Diablo Canyon Power Plant's Pat Nugent: A Different Kind of Engineer
In recognition of Nuclear Science Week, Pacific Gas and Electric Company's Diablo Canyon Power Plant spotlights Pat Nugent
and how he
works to make both the plant and the Central Coast community a better place.
While most engineers thrive while working with numbers, principles and designs, Pat Nugent, director of quality verification at Diablo Canyon Power Plant, is different.
is a "people" person.
enjoys the human interaction of making sure the plant's policies and practices are sound, conform to both Diablo Canyon standards and federal regulations, and protect its employees, the environment and the residents of the Central Coast.
sees Diablo Canyon
as a vital element in the effort to meet the state's energy needs while reducing its use of fossil fuels.
"I like working with people.
I spent a lot of time in high school doing public speaking and I spent my youth as a Boy Scout - I'm an Eagle Scout.
I've volunteered locally with the Boy Scouts in the past.
I like working with people as much as most engineers probably enjoy working with numbers," said Nugent, who began working for Pacific Gas and Electric Company (PG&E) while attending Cal Poly.
Nugent wasn't really aware of Diablo Canyon when he enrolled in the mechanical engineering program at Cal Poly in 1984.
But over the following four years, he
way into a job as a groundman with a PG&E line crew and wound up with an internship at Rancho Seco Nuclear Generating Station, a plant operated by the Sacramento Municipal Utility District from 1975 to 1989 that was not far from his
hometown of El Dorado Hills.
About a year after that summer internship, Nugent
sought out a faculty advisor to see if he
could get a co-op job at Diablo Canyon
learned there were two spots available that hadn't been advertised, he
"crashed the interview" and wound up with a position in regulatory services which fit him perfectly.
"It gave me the opportunity to not always be behind a computer doing calculations all of the time, but to use my understanding of engineering and engineering principles and system interactions with being able to work with people.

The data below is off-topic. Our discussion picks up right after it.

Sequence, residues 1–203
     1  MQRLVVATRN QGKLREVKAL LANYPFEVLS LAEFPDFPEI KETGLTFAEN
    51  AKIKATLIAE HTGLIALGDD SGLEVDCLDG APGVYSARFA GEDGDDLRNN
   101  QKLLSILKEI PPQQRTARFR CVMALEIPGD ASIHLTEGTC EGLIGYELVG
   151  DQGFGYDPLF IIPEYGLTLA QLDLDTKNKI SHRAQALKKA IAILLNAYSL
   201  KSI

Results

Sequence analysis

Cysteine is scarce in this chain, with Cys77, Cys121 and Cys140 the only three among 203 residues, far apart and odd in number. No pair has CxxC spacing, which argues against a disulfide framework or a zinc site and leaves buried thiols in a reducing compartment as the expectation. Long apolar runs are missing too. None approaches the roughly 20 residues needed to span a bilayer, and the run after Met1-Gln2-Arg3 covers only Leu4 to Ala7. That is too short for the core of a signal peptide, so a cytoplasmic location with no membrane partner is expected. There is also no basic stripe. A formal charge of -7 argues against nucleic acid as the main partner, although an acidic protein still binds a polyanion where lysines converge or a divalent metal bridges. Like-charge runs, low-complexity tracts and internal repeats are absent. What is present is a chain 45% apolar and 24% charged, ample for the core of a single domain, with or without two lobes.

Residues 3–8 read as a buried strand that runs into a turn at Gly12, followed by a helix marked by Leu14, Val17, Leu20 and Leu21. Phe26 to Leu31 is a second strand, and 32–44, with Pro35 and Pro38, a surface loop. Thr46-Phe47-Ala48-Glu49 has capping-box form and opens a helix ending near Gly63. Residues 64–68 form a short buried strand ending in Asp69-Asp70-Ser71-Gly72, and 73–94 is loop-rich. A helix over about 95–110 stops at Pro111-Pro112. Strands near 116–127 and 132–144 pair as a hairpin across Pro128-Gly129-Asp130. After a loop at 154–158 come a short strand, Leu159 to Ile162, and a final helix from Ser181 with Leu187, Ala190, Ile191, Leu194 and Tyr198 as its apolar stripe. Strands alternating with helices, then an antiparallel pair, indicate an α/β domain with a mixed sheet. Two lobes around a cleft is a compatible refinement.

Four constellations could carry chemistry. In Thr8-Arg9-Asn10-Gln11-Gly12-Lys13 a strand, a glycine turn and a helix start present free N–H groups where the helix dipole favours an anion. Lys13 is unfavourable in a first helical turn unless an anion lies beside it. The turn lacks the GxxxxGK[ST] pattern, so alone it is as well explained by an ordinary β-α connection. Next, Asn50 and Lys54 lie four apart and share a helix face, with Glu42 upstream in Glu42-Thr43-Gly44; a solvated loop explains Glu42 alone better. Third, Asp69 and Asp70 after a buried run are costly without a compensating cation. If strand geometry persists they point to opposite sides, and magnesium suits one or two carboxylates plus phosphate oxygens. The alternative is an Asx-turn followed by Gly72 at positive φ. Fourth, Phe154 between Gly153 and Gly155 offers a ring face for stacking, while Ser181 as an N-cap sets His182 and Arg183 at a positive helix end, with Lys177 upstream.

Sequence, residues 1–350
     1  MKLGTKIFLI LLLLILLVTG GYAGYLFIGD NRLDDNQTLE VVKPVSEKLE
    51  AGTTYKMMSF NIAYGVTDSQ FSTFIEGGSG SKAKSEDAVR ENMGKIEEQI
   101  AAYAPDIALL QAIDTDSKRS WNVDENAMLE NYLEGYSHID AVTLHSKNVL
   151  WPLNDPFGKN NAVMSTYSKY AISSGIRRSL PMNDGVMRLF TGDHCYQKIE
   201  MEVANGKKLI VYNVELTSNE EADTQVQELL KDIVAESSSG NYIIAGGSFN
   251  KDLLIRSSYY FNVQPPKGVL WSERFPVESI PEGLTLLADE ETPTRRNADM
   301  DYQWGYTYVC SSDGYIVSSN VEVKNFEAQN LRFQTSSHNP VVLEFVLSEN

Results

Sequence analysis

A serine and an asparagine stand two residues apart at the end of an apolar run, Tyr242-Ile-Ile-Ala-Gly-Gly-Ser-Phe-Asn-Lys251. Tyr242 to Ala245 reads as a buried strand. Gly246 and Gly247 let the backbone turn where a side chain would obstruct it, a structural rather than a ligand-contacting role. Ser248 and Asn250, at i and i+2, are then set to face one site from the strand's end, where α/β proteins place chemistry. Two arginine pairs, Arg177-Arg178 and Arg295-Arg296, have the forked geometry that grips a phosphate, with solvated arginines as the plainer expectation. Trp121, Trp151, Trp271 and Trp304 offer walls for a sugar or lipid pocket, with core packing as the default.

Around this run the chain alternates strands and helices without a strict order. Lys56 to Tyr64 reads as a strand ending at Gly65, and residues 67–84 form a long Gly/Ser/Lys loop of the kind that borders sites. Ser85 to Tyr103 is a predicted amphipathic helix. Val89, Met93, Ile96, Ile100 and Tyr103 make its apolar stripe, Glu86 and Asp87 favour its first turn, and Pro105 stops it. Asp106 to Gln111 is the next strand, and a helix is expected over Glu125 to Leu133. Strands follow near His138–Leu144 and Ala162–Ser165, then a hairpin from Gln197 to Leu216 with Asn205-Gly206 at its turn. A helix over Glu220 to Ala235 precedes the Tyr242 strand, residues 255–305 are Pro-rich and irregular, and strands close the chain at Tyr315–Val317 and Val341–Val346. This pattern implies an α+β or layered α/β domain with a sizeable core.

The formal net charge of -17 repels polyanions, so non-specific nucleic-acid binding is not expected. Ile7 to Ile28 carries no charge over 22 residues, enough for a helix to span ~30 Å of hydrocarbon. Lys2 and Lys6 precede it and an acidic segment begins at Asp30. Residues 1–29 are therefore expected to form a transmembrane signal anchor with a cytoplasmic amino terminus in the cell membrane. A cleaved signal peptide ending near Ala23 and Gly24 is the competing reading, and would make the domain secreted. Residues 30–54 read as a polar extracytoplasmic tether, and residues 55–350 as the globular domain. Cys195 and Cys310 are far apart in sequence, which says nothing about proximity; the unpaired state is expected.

And I really like that," he
He served in several positions in regulatory services including as a supervisor for five years and a manager for two years.
He also served two-and-a-half years in mechanical systems engineering.
In 2005, he was loaned by PG&E to the Institute of Nuclear Power Operations to work as a senior equipment reliability evaluator, a position he held for about 15 months.
When he returned to Diablo Canyon he served two years as a project engineering manager, three years as technical support engineering manager before taking over other projects.
In June, he was appointed as the station's quality verification director.
sees Diablo Canyon
, which produces nearly 10 percent of all the electricity generated in California and 20 percent of the electricity PG&E's customers use - free of greenhouse gas emissions - as a vital element in the effort to meet the state's energy needs while reducing its use of fossil fuels.
also sees the station and its employees as integral pieces of the Central Coast community.
is the biggest single clean-electricity generating source in the state.
is also the largest private employer in the county and that is due to Diablo Canyon
The people at the plant are a huge economic asset to the county," said Nugent
, who has volunteered with several local organizations, donates his
time as chief financial officer of a local nonprofit radio station, and is training coordinator for the San Luis Obispo County Sheriff's Department dive team.